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J Dairy Sci. 2017 Feb;100(2):1151-1160. doi: 10.3168/jds.2016-11450. Epub 2016 Nov 23.

Identification of the major yeasts isolated from high moisture corn and corn silages in the United States using genetic and biochemical methods.

Author information

1
Department of Animal and Food Sciences, University of Delaware, Newark 19716.
2
Department of Plant and Soil Sciences, University of Delaware, Newark 19716.
3
Elanco Animal Health, Greenfield, IN 46140.
4
Department of Animal Science, University of São Paulo, Piracicaba, SP 13418-900, Brazil.
5
Department of Animal and Food Sciences, University of Delaware, Newark 19716. Electronic address: lksilage@udel.edu.

Abstract

The objective of this study was to identify species of yeasts in samples of high moisture corn (HMC) and corn silage (CS) collected from farms throughout the United States. Samples were plated and colonies were isolated for identification using DNA analysis. Randomly selected colonies were also identified by fatty acid methyl esters (FAME) and by physiological substrate profiling (ID 32C). For CS, Candida ethanolica, Saccharomyces bulderi, Pichia anomala, Kazachstania unispora, and Saccharomyces cerevisiae were the predominant yeasts. Pichia anomala, Issatchenkia orientalis, S. cerevisiae, and Pichia fermentans were the prevalent species in HMC. The 3 identification methods were in agreement at the species level for 16.6% of the isolates and showed no agreement for 25.7%. Agreement in species identification between ID 32C and DNA analysis, FAME and ID 32C, and FAME and DNA analysis was 41.1, 14.4, and 2.2%, respectively. Pichia anomala and I. orientalis were able to grow on lactic acid, whereas S. cerevisiae metabolized sugars (galactose, sucrose, and glucose) but failed to use lactic acid. The yeast diversity in CS and HMC varied due to type of feed and location. Differences in species assignments were seen among methods, but identification using substrate profiling generally corresponded with that based on DNA analysis. These findings provide information about the species that may be expected in silages, and this knowledge may lead to interventions that control unwanted yeasts.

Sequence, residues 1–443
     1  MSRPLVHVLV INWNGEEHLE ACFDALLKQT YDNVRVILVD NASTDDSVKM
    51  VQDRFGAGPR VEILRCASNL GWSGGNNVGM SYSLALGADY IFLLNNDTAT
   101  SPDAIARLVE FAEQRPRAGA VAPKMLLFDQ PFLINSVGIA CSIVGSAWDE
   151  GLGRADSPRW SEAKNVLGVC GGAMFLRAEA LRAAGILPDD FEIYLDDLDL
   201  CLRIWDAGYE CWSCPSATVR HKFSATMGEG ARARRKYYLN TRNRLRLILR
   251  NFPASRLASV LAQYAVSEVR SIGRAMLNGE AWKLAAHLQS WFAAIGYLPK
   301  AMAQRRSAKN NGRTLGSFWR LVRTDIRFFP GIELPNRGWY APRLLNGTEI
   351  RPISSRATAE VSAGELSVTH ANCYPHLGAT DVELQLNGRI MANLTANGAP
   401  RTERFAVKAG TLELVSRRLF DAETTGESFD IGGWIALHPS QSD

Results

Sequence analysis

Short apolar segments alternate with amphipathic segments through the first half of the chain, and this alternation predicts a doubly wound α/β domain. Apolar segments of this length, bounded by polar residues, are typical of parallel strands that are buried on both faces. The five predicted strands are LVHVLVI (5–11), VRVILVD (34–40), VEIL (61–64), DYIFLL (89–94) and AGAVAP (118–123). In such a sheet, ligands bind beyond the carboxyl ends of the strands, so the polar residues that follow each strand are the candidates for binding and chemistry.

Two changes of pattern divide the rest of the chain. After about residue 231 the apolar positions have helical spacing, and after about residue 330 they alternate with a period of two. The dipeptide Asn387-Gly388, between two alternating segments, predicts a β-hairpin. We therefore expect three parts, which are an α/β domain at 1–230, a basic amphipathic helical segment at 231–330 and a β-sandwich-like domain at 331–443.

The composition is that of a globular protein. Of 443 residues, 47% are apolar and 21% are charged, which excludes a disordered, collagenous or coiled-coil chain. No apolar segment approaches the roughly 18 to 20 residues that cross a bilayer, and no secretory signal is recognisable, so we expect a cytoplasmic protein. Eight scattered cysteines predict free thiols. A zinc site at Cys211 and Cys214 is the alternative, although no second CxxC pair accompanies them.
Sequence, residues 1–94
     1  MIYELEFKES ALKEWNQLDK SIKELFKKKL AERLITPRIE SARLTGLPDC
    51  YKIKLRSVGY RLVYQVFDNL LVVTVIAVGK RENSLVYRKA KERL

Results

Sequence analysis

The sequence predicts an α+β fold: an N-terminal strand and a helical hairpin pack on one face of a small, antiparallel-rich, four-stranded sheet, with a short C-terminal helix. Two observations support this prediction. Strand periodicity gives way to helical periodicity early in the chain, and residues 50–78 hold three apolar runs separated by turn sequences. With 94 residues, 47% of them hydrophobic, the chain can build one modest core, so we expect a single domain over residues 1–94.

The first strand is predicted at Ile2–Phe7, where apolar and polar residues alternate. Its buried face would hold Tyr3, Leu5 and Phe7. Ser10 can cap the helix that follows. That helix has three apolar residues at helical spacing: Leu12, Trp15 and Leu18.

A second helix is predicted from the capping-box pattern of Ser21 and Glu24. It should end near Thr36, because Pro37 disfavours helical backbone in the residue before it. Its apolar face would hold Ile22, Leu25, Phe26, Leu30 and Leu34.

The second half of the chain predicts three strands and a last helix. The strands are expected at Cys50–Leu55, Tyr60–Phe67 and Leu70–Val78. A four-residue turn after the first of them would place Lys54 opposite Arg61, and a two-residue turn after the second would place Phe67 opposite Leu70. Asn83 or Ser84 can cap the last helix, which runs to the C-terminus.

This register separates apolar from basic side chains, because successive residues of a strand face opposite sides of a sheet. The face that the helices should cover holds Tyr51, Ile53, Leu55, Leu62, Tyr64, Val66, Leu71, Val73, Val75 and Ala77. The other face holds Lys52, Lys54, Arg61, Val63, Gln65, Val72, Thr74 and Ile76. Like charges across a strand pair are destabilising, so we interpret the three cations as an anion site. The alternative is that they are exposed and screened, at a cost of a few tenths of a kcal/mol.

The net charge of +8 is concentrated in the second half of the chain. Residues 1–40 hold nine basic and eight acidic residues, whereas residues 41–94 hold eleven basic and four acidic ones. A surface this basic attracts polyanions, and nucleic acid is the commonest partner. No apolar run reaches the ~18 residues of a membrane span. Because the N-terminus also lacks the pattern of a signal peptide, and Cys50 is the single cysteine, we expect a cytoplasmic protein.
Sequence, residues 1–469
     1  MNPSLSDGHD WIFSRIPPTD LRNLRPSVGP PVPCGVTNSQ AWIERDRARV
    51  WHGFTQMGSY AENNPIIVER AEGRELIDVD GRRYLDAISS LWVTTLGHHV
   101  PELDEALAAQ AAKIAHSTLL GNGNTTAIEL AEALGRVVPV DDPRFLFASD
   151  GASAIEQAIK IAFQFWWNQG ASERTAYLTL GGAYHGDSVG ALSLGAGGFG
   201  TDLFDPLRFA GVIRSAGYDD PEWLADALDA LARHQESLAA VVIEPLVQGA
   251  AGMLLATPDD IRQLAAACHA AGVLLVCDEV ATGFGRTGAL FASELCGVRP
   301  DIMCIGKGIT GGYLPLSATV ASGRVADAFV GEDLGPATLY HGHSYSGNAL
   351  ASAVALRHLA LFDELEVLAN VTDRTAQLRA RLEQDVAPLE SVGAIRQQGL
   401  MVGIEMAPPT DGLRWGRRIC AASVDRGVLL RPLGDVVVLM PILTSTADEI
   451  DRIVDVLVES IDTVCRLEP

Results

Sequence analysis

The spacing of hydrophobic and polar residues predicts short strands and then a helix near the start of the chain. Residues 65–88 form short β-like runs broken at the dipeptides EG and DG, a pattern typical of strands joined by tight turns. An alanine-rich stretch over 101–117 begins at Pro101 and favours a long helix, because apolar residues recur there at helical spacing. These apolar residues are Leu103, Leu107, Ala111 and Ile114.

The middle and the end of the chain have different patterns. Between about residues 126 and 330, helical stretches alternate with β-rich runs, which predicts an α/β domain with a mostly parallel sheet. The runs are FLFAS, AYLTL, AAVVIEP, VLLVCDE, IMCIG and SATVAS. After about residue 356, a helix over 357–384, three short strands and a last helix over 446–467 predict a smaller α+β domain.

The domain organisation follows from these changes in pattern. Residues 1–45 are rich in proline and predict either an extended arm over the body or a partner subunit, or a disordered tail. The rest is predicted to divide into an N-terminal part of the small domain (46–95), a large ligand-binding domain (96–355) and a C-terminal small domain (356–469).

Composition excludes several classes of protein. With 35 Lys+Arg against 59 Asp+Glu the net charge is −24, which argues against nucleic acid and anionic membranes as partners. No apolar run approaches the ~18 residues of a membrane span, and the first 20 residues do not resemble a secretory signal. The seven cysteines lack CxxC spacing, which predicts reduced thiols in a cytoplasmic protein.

KEYWORDS:

Pichia anomala; fermentation; spoilage

PMID:
27889126
DOI:
10.3168/jds.2016-11450
[Indexed for MEDLINE]
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